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Single-sex schools are disappearing, but they may offer the key to gender equality

Related Story: 'Warped views about women': The shortcomings of single-sex schools

The debate over single-sex versus co-ed schools has raged for decades in Australia, but it could soon be a moot point.

While experts still discuss which is better for academic outcomes, recent research has found single-sex schools are dwindling and could be gone entirely in the non-government sector by 2035.

In the shadow of this growing void, a more recent discussion about schools and gender equality has emerged.

Alliance of Girls Schools Australasia executive officer Loren Bridge and Flinders University lecturer Samantha Schulz both believe schools play a part in preparing women in particular to be future leaders.

But when it comes to whether single-sex or co-ed schools are better placed to do this, their views are markedly split.

Ms Bridge presents the case for single-sex schools and said spending time last week with 170 girls from girls' schools around the world showed her she was on the right path.

"In their words, what they like about single-sex education is the confidence that it gives them," she said.

"They feel more empowered in the classroom, more able to express themselves, less self-conscious, willing to put their hands up for leadership positions.

"It's those sorts of things that girls' schools can give to girls."

Ms Bridge added that many teachers also found single-sex schools a better environment to work in.

"They can focus specifically on the needs of the girls in their class without the distraction of boys," she said.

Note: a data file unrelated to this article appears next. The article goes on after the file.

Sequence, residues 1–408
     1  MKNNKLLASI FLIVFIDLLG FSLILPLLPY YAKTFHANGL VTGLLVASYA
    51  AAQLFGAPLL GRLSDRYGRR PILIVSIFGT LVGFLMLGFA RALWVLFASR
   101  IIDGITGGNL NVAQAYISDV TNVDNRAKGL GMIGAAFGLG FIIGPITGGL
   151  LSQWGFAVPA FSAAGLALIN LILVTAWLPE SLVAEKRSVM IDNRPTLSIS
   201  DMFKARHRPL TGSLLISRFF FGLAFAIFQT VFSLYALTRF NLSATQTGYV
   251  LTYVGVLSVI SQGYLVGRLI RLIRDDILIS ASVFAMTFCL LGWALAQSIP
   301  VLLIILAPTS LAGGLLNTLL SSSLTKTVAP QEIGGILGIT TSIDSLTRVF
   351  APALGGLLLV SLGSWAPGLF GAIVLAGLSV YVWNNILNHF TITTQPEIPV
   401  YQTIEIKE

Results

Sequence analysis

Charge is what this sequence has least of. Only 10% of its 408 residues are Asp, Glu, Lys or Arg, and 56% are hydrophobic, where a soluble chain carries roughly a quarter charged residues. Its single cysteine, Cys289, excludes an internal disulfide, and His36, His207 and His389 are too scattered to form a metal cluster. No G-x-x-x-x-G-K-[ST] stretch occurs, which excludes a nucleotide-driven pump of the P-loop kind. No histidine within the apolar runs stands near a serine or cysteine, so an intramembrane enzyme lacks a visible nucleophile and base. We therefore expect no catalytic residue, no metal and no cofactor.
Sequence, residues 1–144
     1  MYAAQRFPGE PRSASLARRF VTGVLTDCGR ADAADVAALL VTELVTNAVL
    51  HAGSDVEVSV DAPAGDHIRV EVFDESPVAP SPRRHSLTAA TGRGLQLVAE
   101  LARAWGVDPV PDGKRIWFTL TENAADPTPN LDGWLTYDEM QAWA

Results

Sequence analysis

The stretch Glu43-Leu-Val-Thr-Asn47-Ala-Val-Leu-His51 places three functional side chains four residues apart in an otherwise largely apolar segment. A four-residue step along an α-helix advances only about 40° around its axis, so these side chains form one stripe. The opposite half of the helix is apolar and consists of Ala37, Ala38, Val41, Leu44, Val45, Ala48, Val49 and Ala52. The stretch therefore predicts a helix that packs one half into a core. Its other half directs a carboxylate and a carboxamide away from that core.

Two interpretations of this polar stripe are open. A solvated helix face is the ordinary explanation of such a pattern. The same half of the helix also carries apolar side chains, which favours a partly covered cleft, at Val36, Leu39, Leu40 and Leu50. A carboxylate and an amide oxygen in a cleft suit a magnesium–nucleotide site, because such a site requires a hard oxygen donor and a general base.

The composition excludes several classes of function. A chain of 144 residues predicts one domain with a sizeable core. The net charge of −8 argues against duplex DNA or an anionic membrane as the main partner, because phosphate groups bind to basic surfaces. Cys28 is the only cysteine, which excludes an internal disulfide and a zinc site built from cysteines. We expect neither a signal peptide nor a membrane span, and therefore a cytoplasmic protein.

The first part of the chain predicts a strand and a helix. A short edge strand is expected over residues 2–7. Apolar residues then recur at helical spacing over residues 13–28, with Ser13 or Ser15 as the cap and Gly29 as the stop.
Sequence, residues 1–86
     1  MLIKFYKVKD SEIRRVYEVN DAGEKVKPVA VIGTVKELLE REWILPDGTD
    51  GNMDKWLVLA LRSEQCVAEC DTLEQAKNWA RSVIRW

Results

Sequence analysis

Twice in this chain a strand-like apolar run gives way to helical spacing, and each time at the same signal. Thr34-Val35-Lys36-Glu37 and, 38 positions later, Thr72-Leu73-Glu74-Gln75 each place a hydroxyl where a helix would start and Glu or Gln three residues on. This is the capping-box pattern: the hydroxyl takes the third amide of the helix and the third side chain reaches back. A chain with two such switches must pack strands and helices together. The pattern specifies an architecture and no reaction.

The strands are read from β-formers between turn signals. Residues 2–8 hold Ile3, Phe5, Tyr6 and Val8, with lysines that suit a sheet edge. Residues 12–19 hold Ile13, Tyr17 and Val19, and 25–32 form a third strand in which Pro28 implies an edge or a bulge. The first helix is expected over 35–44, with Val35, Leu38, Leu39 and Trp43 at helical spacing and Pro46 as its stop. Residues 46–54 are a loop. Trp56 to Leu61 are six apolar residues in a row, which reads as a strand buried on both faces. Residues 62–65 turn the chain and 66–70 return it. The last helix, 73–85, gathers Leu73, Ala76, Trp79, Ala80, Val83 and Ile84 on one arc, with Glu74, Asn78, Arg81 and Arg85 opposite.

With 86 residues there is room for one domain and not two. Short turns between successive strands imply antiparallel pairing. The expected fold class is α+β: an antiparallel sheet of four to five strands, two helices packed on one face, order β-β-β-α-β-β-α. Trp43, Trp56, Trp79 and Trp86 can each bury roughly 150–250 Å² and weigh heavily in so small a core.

However, Dr Schulz said it was the very nature of segregation that was the problem.

"By virtue of being single-sex schools, they're also reinforcing a gender binary, so the stereotypes that are ultimately disempowering," she said.

"If we want schooling to lead to gender equity more broadly, then we need to think about the ways in which schools can lead to political and social empowerment for girls.

"Single-sex schools on their own, whilst they can be empowering in some regards, can also be oppressive and they're unlikely to lead to gender equity more broadly."

There has been a recent trend of single-sex schools converting to co-ed in Australia.

But there are still currently more single-sex schools for girls than boys, and they are more common in the private sector.

The first girls to attend Barker College

Ms Bridge said if girls could only be what they could see, then these schools offered a perfect space to learn.

"Every leadership position in a girls' school is held by a girl, so girls are getting that experience in developing leadership skills," she said.

In the opposing camp, Dr Schulz agreed there needed to be change, but said girls and women couldn't achieve that alone.

"That requires a thorough education for all young people that engages them with critical discussions about gender, its social construction and how it shapes all of our lives," she said.

"Boys and men have a responsibility to be engaging in those discussions as well.

"We have to work together in order to create these broader outcomes and schools are the space that we can start this shift."

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